We need smart, not dubious tools to steer us – Times-Herald


Have you ever been seated comfortably enough on a plane at 40,000 feet and the magazine in the seat pocket in front of you, say, about 100 pages, is a catalog that offers umpty-ump gadgets of utility and questionable value? And it’s hard not to understand because the reading – maybe the thinking could be more accurate – is so fascinating, isn’t it?

Last week, one of these catalogs arrived at my house. A catalog, according to an argument on the cover, of “smart tools for everyday tasks”, from home and garden to garage and personal equipment.

I have to admit, the unsolicited catalog gave me pause from the immediate work ahead of me and injected some humor into a day circumscribed by a bunch of mundane but necessary tasks that are sure to increase the many moments of silent desperation at my desk.

It also sparked a reflection on why we Americans sometimes elect leaders of dubious usefulness and worth, people with no prior policy-making experience who convince enough voters to send them to state capitals or Washington, D.C. In my lifetime they usually become, figuratively speaking, the advertised “smart tools” selling for $19.95 (shipping not included) which we don’t have really need.

Some are clearly those who resemble writer James Thurber’s Walter Mitty character, the poor schlep who spends most of his waking hours imagining personal exploits rather than paying attention to the real world, or, more seriously, to anyone. ‘one, male or female, who intentionally attempts to mislead or convince others that they are something they are not.

Good people, do you see what I mean, those, unfortunately for most of us, who keep the seats warm in our legislative chambers of government? Or used to keep a warm seat in our nation’s executive branch?

So let’s consider the metaphor of the catalog of practical gadgets and tools and, more precisely, its contents:

Here it is, on page 32, the disposable fly trap for your terrace. The trap uses biodegradable bait that is effective for up to four weeks and has enough space to catch up to 20,000 flies. (There’s a newsworthy Instagram post or TikTok video, right?) Once full, simply throw it away, according to local regulations (if any). About $22.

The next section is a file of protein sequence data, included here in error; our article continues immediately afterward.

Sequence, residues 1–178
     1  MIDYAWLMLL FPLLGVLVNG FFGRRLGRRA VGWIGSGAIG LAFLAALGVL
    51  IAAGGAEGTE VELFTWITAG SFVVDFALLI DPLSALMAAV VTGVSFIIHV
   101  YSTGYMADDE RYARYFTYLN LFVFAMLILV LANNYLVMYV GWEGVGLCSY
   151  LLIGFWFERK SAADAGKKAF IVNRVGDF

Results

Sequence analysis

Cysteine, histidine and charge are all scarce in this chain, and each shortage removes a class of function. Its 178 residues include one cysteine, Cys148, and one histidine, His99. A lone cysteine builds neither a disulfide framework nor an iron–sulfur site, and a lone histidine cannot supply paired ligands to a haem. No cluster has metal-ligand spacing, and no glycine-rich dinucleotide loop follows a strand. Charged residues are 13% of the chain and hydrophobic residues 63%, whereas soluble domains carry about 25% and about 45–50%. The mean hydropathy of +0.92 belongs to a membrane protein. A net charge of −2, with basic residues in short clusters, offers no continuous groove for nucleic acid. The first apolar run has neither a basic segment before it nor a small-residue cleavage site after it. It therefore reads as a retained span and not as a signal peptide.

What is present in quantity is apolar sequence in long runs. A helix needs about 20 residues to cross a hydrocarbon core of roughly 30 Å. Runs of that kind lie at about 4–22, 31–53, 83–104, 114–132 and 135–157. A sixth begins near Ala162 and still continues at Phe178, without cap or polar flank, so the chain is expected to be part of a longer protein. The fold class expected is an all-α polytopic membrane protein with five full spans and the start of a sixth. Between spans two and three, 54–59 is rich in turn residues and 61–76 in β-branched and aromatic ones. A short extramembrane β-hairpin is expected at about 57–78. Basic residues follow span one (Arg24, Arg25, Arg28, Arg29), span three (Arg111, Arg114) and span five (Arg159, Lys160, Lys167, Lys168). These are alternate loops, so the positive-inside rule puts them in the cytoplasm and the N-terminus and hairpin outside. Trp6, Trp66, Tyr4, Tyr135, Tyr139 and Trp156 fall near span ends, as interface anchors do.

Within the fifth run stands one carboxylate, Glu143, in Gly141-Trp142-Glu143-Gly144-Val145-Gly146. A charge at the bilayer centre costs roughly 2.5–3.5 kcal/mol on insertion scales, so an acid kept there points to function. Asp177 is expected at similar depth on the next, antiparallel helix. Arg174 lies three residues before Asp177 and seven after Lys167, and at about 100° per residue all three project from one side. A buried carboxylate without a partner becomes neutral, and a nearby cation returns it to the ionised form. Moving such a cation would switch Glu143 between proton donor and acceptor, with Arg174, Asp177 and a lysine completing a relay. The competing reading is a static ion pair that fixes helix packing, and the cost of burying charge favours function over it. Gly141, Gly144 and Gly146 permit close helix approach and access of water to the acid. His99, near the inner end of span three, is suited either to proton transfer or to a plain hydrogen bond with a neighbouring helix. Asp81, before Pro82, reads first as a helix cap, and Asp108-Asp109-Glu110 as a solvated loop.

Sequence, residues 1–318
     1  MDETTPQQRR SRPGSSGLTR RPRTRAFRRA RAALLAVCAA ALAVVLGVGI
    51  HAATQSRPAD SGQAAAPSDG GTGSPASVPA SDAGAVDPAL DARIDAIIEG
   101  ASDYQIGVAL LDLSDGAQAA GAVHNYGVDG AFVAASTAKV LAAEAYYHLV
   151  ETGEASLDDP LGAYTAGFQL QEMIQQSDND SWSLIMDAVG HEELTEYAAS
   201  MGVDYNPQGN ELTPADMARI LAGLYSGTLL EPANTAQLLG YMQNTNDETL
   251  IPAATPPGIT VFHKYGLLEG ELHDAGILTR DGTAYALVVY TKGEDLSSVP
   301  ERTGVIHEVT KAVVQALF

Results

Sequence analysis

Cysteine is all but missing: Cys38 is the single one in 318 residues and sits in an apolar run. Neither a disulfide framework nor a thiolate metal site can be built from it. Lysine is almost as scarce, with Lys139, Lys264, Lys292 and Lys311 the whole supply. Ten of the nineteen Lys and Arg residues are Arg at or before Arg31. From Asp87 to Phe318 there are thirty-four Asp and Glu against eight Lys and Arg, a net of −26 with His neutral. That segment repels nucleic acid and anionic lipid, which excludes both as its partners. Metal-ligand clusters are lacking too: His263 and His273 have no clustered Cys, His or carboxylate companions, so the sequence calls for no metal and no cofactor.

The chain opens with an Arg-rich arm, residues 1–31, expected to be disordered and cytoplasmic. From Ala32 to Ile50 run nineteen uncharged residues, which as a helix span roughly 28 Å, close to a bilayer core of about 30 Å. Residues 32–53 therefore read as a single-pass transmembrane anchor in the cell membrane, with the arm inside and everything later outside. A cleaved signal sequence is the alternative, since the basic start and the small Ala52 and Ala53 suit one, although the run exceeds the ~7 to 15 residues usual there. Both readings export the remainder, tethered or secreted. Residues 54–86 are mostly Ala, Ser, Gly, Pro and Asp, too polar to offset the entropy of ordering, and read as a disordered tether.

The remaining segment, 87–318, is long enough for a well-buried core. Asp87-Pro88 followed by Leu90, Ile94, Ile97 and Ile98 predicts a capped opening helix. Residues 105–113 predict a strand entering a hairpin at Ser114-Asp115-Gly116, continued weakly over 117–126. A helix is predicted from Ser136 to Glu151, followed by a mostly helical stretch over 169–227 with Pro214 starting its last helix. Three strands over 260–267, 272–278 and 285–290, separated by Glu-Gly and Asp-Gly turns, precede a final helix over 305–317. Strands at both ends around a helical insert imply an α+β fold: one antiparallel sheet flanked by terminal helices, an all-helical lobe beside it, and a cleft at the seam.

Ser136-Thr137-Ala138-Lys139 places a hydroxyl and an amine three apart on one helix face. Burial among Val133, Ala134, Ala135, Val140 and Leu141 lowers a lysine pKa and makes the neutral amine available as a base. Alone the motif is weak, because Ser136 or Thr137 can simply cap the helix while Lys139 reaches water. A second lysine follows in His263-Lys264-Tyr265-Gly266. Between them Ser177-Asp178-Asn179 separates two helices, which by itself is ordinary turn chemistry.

Could you live without the motion-activated toilet bowl night light? Just step or stumble into the jeans, and it lights up. Oh, and it cycles through “eight vibrant colors.” In blue or orange hues in your pajamas, you look $13 as you step into the bathroom night after night.

I absolutely loved the pepper spray that “sticks like glue to the unlucky ones”. The spray canister has a range of 18 feet and contains enough gel for seven one-second bursts. You can also purchase a canister that comes with an LED light that illuminates the perp, as advertised, “like a big bulls-eye so you can spray the hot, stinging gel right between the eyes and stop them in their tracks.”

As seen in the videos, were some of the US Capitol rioters on January 6, 2021 using? However, I would not consider the Capitol police – who were defending our temple of democracy at the time and some of whom were victims of pepper spray and several of whom died – as perpetrators. Yours for $18 for the regular can, $28 for the one with the light, but don’t show up for a state or US Capitol tour with one of these, okay?

My personal favorite was what was advertised as the “most smelly, all-natural rodent repellent”. Basically, rats, who chew just about anything to keep their teeth strong and growing, get fooled by the repellent formula and will stop chewing on anything they think is fair game for them. The bottle contains 1,240 sprays for use in your car (actually rats love to chew on car wiring apparently), heating and air conditioning ducts, stuff under kitchen sinks, around garden plants – you call it – the rats will look for it. You can start spraying after spending $15 for an 8 ounce bottle.

The mild-mannered diplomat in me is hesitant to use the rat comparison – but let’s be honest – the former president continues to lead, through endorsements, a group of men and women that even the Pied Piper of Hamelin hasn’t. could dissuade them from coming to their senses.

Among those the former guy has persuaded to board his fake voter fraud train is Blake Masters, a Republican venture capitalist and political novice who recently won Arizona’s U.S. Senate primary and will face the former astronaut and titular Mark Kelly. Masters campaigned on the militarization of the U.S. border, said gun violence should be blamed on “black people, frankly,” and claimed, without evidence, that the 2020 election was fraudulent. To the good people of Arizona, just say “No”.

And let’s hope the good people of Arizona say the same to Mark Finchem, who won the Grand Canyon State’s Secretary of State primary. He is one of many candidates for Secretary of State nationwide who deny the 2020 election. He wants to ban early voting, has sued to suspend the use of electronic counting machines votes and co-sponsored legislation to give the state’s Republican-led legislature the power to overturn election results. No, no and definitely not.

America, we need to retool the government, but not with the dodgy or the pied pipers.

Richard Bammer is an editor at Reporter.


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